This morning I walked a popular beach in Haifa, Israel and found an endless line of trash along the shore. Abandoned shoes, beach chairs, children's toys, cigarette butts, lighters and an array of single-use plastics - silverware, bags, straws, cups, plates, bottles and coffee cups. The forks broke me. In one spot, I found 72 of them, mostly unused. After collecting them all, I found the bag they came in, with another 13, brand new, buried slightly in the sand.
Clearly, one group of beach-goers was responsible for this mess. Perhaps, even one person. Further proof that each one of us makes an impact with our actions - it's up to us to make them positive or negative.
Plastic pollution is choking our planet. It's killing thousands of marine animals every day, it's changing the chemistry and dynamics of the ocean we depend on, it's polluting the water we play in, the water we drink.
Plastics don't ever just "biodegrade" and disappear, they stay on the planet forever in the form of microscopic plastics - microplastics.
These are found in evening from tap water to bottled water to beer and table salt. We don't know the full extent of the damage they do, but we know they can be deadly to marine organisms that filter feed and that in the human body they can mimic estrogen and lead to an array of developmental problems - including infertility in men. Microplastics come from larger plastic objects that are breaking down in the ocean from years in the sun and salt water - like these forks.
They say there are now more microplastics in the ocean than stars in our galaxy.
It's all traced back to us, humans. We created plastic, we created this mess and it might very well destroy us if we don't do something about it.
Be mindful of how you dispose of your waste. Be mindful of what products you buy to begin with. Pick products made of natural materials, linen, organic cotton, metals, glass, wood and other plants. Repurpose and reuse as much as you can. Have recycling be the last option on your list. And while you're at it, pick up some trash!
My heart bleeds blue and green
Today it bleeds for things unseen
For it's the invisible things that truly matter at Florida
Digging into lunch like... Mmm, plastics.
Did you know that over 1,000,000 sea birds and 100,000 marine animals die every year from plastic ingestion? Animals can't tell the difference between a piece of plastic or a tasty meal. For millions of years the stuff didn't exist on the planet and now it's everywhere. Whole pieces get ingested by animals or shredded into smaller parts, eventually they break down until microplastics - they never actually go "away". Researchers estimates that if you eat seafood in the Mediterranean, you're likely to ingest about 11,000 microplastic particles a year. In California and Indonesia 25% of fish in markets have tested positive for microplastics. Other studies found 90% of bottled water to contain microplastics and a new pilot study found microplastics in 100% of human feces samples. Yowza.
Anyway, why should we care about the sea turtles and the dolphins eating plastic? It's not like we eat them! But the fact is all our water systems are connected. If we pollute our rivers, our seas, our oceans, we pollute the water we drink and we pollute ourselves. Microplastics in the body are linked to developmental problems in children and infertility in adults, plus they are known to attract other chemicals that are carcinogenic.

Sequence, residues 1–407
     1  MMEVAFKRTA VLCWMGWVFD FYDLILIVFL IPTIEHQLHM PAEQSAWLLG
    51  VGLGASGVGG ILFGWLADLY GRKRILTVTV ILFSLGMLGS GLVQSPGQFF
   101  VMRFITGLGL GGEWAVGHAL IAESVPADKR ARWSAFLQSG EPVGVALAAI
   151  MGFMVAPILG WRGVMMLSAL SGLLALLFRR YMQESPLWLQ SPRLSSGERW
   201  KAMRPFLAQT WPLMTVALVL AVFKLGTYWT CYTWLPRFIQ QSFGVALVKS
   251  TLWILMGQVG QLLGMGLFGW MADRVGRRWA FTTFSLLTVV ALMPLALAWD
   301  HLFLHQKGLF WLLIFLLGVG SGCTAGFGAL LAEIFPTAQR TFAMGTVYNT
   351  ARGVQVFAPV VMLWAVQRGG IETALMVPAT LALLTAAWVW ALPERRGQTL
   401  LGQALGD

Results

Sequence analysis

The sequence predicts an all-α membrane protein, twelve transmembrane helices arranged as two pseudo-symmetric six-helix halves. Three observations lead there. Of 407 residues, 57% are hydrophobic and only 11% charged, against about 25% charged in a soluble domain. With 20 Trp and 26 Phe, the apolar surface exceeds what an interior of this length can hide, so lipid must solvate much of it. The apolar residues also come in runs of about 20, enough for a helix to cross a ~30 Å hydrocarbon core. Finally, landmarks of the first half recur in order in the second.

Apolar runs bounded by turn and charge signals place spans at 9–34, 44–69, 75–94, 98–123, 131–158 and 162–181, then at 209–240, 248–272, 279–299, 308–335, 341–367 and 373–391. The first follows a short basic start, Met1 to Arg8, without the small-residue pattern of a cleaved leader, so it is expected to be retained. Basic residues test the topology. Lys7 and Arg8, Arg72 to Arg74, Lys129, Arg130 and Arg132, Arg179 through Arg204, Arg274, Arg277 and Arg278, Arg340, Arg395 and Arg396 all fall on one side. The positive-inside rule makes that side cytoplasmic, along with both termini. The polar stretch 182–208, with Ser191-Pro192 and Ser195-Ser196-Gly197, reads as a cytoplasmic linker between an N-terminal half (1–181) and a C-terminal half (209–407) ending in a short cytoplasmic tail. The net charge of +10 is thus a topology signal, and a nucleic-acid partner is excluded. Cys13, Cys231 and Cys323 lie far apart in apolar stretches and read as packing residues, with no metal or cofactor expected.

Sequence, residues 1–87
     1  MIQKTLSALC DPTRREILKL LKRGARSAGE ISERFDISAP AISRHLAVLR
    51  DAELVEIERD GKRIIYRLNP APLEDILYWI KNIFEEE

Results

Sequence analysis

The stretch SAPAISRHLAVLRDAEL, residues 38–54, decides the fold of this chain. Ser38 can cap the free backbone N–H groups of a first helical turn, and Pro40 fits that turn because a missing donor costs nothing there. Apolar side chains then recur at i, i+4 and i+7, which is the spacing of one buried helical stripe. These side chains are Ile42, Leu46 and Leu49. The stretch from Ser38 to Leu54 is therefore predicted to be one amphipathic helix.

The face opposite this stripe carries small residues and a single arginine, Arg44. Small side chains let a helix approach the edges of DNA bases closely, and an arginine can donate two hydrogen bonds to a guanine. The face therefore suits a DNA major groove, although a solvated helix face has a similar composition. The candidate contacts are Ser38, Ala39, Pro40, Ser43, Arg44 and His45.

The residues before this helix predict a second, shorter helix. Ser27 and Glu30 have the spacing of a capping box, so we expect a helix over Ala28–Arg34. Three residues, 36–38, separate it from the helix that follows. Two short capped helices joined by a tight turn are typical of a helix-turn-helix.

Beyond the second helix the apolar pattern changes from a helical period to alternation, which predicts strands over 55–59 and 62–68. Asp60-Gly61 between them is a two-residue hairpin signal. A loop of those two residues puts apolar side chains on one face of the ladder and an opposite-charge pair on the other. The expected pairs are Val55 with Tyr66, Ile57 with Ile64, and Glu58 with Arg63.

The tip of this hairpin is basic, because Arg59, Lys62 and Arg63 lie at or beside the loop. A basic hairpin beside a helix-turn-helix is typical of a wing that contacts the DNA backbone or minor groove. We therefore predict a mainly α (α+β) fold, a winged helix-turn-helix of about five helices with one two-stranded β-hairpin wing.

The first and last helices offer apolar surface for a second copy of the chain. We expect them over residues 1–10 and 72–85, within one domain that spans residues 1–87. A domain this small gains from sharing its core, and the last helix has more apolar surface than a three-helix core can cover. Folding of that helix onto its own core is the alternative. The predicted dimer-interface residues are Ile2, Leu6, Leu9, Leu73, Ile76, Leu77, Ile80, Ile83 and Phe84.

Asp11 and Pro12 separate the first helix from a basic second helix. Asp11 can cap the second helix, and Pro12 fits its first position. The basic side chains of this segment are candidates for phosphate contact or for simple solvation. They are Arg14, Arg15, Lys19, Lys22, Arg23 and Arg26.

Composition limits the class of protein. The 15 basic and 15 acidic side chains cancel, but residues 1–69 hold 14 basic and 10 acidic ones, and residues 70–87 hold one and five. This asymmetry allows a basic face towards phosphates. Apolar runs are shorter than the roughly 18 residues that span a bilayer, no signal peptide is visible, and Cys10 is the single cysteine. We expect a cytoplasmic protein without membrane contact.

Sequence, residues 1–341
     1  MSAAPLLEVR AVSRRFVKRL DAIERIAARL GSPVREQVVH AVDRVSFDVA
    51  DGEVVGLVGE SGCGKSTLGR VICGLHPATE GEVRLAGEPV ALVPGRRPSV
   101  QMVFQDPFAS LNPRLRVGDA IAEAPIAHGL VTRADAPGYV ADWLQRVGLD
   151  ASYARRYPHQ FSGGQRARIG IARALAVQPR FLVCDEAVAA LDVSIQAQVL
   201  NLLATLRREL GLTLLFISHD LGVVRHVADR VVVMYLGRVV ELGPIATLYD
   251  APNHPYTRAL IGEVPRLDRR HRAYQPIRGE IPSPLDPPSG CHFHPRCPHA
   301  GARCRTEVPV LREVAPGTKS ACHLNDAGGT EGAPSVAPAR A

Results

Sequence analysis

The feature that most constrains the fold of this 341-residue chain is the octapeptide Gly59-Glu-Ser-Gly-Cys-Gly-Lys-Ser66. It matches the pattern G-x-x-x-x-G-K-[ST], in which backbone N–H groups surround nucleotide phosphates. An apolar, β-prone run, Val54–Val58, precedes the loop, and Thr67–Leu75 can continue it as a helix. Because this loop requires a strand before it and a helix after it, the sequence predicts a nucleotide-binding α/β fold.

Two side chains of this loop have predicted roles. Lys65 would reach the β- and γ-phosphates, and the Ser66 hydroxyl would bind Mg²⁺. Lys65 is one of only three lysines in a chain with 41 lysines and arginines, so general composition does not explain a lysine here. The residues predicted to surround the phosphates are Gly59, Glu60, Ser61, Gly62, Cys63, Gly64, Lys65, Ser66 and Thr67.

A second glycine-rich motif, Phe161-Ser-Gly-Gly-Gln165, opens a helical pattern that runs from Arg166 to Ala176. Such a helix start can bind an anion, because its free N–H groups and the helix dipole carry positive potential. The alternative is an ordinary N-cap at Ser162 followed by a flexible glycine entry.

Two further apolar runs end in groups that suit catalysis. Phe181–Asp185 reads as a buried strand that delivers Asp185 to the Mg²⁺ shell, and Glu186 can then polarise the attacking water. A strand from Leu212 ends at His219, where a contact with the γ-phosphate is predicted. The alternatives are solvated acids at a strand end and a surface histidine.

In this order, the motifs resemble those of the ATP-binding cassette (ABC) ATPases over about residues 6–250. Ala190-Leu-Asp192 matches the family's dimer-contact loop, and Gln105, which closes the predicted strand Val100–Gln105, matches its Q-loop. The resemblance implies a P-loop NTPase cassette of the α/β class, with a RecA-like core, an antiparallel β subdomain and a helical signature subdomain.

So make your next meal plastic free. Bring reusable bags to the market, get yourself a reusable coffee mug and water bottle, arm yourself with some @togoware for when you're out of the house. There are simple changes we can make to help preserve the life of other animals and our own health!
It's never too late to start. Join @plasticfreejuly for ideas or do a #2minutebeachclean or #5minutebeachcleanup like we did here. All the plastics in this photo, bowl and silverware included, were found on a south Tel Aviv beach in just a few minutes!
If you're in Israel, come join us at @plasticfree.Israel and connect to others around the country trying to make a difference.
Together we can #beatplasticpollution at Tel Aviv, Israel
Summers are for beaches, beach cleanups, and bracelets made of recycled ocean debris.
Been finding new favorite places
Cellphones not allowed
The mermaids don't allow it
Last night I dreamt of the watery depths of the oceans
Of toothy, great giants
And electric-colored creatures
In a magical, space-like world
And it was in trouble
In reality, almost HALF of marine life has disappeared over the past 40 years. Much of this is loss of life is related to human development. Plastic pollution, overfishing, agricultural/chemical pollution, coastal development and man-driven climate change are the big players in this sad truth.
To find out more and learn how to become a conscious consumer at great organizations like @5gyres @plasticpollutes and @oceana
And if you can get your hands on this months @natgeo (that isn't wrapped in plastic) it's a great read.
I don't do the straw thing very often but when I do, I make sure it's plastic-free, like this beauty from @simplystraws 😍
Plastic straws are just ONE example of unnecessary, single-use plastic products that pollute our oceans, harm animals and destroy beautiful, natural habitats. So ditch your plastic straws, shopping bags, plastic silverware and drinking cups, coffee cups and lids and get your reusables, people! You'll save money, keep animals from getting hurt, protect the environment and look super cool all at the same time! It's a win-win-win-win-win-win situation (trust me, I'm a scientist)!😄😏 at Tel Aviv, Israel